Niseko is an amazing place to come to for both Japanese and international visitors alike but with so many options it can be hard to decide what to do. After living in Niseko for a winter, these are some of my favourite things that I recommend to everyone.
If Niseko didn’t have amazing powder I would still love it here just because you can visit an onsen. Nothing makes you feel more relaxed after a hard day of skiing than sitting in some mineral filled hot water and letting your aches soak away. One of my favorites is Yukoro Onsen, which is a small, rustic onsen located in Lower Hirafu. It can get pretty busy though so try to go early or late to avoid the crowds of weary skiers.
Soup Curry has to be one of Hokkaido’s greatest inventions. I tried it on my first trip to Sapporo and have fallen in love with this dish which is basically a soup version of a curry (the chefs all have their own signature spice combinations) with huge chunks of vegetables and meat in it, served with a side plate of rice that you put on your spoon and dip into the soup. In Niseko, the place to go is Tsubara Tsubara which is a 10-minute walk out of Hirafu in Izumikyo and is open for lunch and dinner.
Niseko is world renowned for its bountiful dry powder snow and one of the best ways to experience the powder is to head into the trees. Niseko’s four resorts offer a variety of different terrain and as long as you’re intermediate level or above, you could find a tree run to suit you. The best part about trees is you usually get better visibility than on the open runs as there is more contrast. So on those low visibility days, it can be worth exploring the trees on the side of the runs.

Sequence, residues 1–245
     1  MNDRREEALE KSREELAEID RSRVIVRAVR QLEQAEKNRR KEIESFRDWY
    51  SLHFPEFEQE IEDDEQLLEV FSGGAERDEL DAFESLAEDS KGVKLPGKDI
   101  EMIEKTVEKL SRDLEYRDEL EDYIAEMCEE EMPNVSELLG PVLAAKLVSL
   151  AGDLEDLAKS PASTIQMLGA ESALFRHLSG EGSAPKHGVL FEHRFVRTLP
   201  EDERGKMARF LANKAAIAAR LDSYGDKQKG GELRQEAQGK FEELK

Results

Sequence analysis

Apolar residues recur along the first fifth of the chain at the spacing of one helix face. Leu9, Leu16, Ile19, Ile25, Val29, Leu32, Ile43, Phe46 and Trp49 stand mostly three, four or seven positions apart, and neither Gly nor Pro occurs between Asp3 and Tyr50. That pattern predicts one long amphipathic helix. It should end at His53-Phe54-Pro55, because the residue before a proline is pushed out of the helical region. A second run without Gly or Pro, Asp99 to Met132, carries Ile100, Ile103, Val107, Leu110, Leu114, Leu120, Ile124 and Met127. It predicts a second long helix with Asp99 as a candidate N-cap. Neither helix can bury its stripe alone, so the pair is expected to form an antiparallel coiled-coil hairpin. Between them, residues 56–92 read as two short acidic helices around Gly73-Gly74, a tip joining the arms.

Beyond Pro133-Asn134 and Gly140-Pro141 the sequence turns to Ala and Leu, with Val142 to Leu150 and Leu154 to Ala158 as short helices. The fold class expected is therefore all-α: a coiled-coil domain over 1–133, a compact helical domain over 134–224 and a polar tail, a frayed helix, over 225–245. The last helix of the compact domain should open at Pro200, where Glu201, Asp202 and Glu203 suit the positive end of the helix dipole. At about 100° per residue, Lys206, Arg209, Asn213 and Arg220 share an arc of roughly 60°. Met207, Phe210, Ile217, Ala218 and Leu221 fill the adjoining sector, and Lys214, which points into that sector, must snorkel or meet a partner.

Milk Kobo is a dairy farm located in the Higashiyama area near Niseko Village. You can easily access it by catching one of the Niseko United Shuttles and there is a bus stop right outside Milk Kobo. Milk Kobo has lots of yummy milk-filled delights like cream puffs, soft serve ice cream, drinking yogurt and my personal favourite, cheese tarts. There are also other shops in the complex as well as a Prativo, a vegetarian lunch buffet restaurant that has drinking yogurt on tap and lots of local veggies.
Night skiing is often underrated in Niseko as many guests ski all day and just want to rest at night but it’s worth getting out there at least one night to try it out. Three out of the four Niseko United resorts offer night skiing until 8:30 pm throughout most of the season. Grand Hirafu is the best spot for it, though, as it has the largest night skiing area in Japan and one of the largest areas in the world. A good variety of terrain is lit for all abilities from beginner to expert and you can even head into the trees. Despite what you might think, visibility is often better at night as the lights are so bright so you can see the bumps on the run a lot better and slopes are typically less crowded. If you still want to ski during the day then head out early, have a break during the afternoon and then head back out when it’s dark. If it’s a powdery night you probably won’t regret it.
This is just a fraction of the awesome things that Niseko has to offer so come to Niseko and check it out for yourself!
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